Sadly, if you insert carbs as the addiction in this scenario, you might as well see pictures of my two patients above. They literally can’t imagine life without eating their daily carbohydrates. There is real fear and confusion when I try to take away what makes them feel best. Heroin is clearly bad for you, but a loaf of french bread or rice and gravy certainly can’t fit in the same category can they? Well they certainly are not as ACUTELY dangerous for you, but a long-standing addiction to carbs lead to the same result as any other addiction. Without the same pattern of addiction is there regardless of the “drug” of choice.
What’s worst than that? Diabetics are told to control their sugars by using the very carbs they are addicted to in “moderation”…and somehow we are surprised that they can’t stop over eating carbs. As the Hartwig’s in their book It Starts With Food label it, OVER-carbsumption. Paleo simply OMITs the drug…and somehow it is a bad thing… The current food pyramid does the same thing with obesity! Lose weight by eating the things that make you gain weight in moderation. It’s a lose-lose situation.
Oh, and one more thing Paleo is guilty of. It makes the sugar people, and the wheat people, and the dairy people, and the soybean people, and the corn people….you guessed it, defensive 🙂 Their “bottom line” is very defensive about their products potentially being a major cause for obesity and chronic disease. They rely on the government to make sure that nothing about their industry gets labeled as a potential problem. Can I blame the government? Yes and No. But, that’s a whole other blog post entirely…
Meat, vegetables, fruit, eggs, nuts…these actual foods, 100% natural FOODS can’t hurt you. Instead Paleo is guilty of simply exposing people, industry, pundits etc for who they are. They are either addicted to carbs, their livelihoods depend on your carb addiction, or their election depends on your carb addition. It’s sad, it’s true, and I’m afraid it’s here to stay.
By the way, do you agree with this post? Do you know people who could stand to hear it? Do me a favor, share it everywhere you can. Post on Facebook, tweet it to followers, reblog it, pin it on pinterest to your heart’s content. In many ways I preach to the choir. Most who follow my blog agree with these concepts because you already follow a Paleo Lifestyle. But, many do not. The only way to bring about change is to spread the word! So, if you want to help, share away! Thanks for reading, and thanks for your support. Please comment all you want, conversation is a good thing!
Steve Parker, M.D.
February 17, 2015 at 8:39 am
Another issue that type 2 diabetics have is that they’ve been eating copious carbohydrates for over 40 years. It’s hard to break any habit with that type of longevity. It doesn’t help that they’re immersed in a carb-centric culture.
February 19, 2015 at 11:48 am
No Steve, it’s all genetics 🙂 It’s not the rice and gravy, biscuits, cakes, cookies…etc. Keep up the good work on your site!
February 17, 2015 at 9:50 am
I would love to hear your take on how eating more eggs and meat does not necessarily create a cholesterol problem. I think it’s addressed well in The Paleo Solution, but some people need to hear a doctor’s perspective. We have all heard that eating more whole grains and low-fat products can benefit our health, and that we should reduce our animal protein.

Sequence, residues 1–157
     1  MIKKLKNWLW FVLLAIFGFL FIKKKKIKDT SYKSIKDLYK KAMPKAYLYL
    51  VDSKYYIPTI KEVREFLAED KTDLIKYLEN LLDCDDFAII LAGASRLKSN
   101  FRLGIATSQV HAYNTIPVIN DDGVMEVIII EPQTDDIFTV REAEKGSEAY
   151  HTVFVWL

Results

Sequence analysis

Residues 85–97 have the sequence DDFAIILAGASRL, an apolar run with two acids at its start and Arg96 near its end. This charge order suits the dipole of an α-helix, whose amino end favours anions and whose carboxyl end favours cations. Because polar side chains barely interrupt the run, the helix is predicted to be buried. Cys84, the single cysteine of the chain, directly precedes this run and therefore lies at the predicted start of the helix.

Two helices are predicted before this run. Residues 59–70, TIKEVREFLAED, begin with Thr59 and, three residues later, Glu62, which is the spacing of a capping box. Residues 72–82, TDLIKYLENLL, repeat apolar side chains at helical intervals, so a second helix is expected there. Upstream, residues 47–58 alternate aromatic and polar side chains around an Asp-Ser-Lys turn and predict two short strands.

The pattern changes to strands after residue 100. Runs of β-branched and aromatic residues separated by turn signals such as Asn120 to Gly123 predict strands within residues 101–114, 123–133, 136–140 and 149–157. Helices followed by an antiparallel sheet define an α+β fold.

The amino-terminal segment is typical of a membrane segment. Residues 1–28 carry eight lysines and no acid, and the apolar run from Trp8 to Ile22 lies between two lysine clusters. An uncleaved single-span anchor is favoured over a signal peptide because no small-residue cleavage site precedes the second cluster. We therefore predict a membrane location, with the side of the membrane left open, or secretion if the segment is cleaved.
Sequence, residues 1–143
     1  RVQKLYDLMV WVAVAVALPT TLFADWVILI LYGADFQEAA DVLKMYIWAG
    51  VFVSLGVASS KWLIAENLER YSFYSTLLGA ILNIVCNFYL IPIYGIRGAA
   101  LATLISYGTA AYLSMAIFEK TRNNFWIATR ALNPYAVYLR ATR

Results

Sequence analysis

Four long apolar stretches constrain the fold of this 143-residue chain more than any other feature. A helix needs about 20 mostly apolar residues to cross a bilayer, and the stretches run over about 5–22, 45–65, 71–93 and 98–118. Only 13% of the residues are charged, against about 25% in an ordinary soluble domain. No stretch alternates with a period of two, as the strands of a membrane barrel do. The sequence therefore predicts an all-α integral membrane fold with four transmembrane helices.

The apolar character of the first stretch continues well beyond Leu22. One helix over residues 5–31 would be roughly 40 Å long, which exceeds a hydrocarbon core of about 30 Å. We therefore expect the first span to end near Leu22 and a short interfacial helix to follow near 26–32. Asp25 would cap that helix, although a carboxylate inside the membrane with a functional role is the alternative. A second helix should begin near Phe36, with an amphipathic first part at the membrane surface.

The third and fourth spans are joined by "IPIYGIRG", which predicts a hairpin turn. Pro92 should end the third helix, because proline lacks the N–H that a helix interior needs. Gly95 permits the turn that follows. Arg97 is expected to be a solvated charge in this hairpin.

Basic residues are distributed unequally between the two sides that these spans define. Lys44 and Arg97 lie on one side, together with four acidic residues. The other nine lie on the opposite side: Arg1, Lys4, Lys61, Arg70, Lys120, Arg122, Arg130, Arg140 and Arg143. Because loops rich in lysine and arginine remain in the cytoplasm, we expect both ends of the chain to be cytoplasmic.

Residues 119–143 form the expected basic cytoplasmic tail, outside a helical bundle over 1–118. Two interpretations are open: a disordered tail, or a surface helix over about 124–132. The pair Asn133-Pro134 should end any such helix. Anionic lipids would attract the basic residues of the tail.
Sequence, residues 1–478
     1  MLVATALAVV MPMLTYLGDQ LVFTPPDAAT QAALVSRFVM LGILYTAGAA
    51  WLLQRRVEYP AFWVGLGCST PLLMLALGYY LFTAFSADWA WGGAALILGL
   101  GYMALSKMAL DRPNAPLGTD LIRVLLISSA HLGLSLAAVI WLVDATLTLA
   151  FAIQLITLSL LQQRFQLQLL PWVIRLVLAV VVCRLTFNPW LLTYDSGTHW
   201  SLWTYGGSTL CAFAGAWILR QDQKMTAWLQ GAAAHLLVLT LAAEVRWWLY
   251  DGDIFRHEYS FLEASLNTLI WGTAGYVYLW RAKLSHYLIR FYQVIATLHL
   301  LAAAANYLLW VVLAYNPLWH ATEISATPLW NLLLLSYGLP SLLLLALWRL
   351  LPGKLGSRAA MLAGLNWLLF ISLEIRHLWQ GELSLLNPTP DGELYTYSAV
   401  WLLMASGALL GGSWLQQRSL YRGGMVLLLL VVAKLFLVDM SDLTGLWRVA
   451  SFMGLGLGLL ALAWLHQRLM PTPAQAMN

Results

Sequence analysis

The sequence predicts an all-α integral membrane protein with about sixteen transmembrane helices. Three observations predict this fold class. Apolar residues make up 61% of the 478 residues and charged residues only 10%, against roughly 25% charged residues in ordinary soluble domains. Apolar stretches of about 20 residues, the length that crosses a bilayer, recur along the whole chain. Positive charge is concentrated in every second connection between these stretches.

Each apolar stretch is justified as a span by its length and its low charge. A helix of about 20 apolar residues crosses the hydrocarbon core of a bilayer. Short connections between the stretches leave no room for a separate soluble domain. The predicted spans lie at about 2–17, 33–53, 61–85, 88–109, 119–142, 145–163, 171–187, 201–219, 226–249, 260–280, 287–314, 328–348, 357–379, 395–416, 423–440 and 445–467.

February 19, 2015 at 11:47 am
Thanks for commenting. I’m thinking maybe this would be a good blog post! Stay tuned and I’ll address these questions 🙂
February 19, 2015 at 8:51 am
Reblogged this on Health Food Store Girl and commented:
Interesting thoughts on Paleo diet and why we resist quitting our carbs. I followed strict Paleo for a few months last year and I have to say I felt wonderful. I still do feel wonderful, now including occasional complex carbs and not saying no to a fresh french sourdough baguette once in a while!
February 19, 2015 at 11:36 am
I don’t believe that 100% Paleo is necessary, and many agree. 85% Paleo is adequate IMO, but there of course are certain things I’ll never eat! A fresh sourdough baguette….like REAL Fresh! Yes, I may indulge at times. A stale Twinkie…not for me (or you I am sure). Reality is many people do not have will power to “dabble” so they have to stay more strict. Also, some people are more truly addicted and a little carb hit takes them back down the hill. None the less, thanks for reading and sharing!
February 19, 2015 at 11:19 am
My thoughts exactly!!
February 19, 2015 at 11:33 am
Thanks for reading!
February 21, 2015 at 12:52 am
This is one of the best blogs/posts I’ve read on the subject. I thought l couldn’t survive by cutting out certain foods. That was until l realized how much better l felt not only physically but emotionally! I’m so much more levelheaded and calmer on Paleo. I don’t feel bloated, sluggish or tired. I’ve followed Paleo for about a year; very strict for the past month. I feel really sick when l stray. Not worth it!! If l have dairy or grains, my stomach lets me know within the first 15 min. The “pleasure” resulted in pain.
February 21, 2015 at 10:19 am
I agree with you 100%. I am reposting this article. I am kicking ass with the paleo lifestyle and Type II Diabetes has nothing on me.
February 21, 2015 at 10:51 am
Keep it up:). Ignore the haters…
February 21, 2015 at 10:19 am
Reblogged this on Simple Living Over 50.
February 21, 2015 at 5:42 pm
Hello. New here – exploring the medical perspective of various diets. I cannot seem to find easy link on your pages to a summary of what a paleo diet actually is. Does it contain any grains? Is it completely carbohydrate free? Surely the hunter-gatherers would have eaten some whole-grains from grasses and carbohydrate root vegetables? I am curious to the concepts behind the diet.
I would also like to read about your take on the high consumption of meat and eggs (as in the comment above) and evidence of any long-term health effects, either detrimental or beneficial.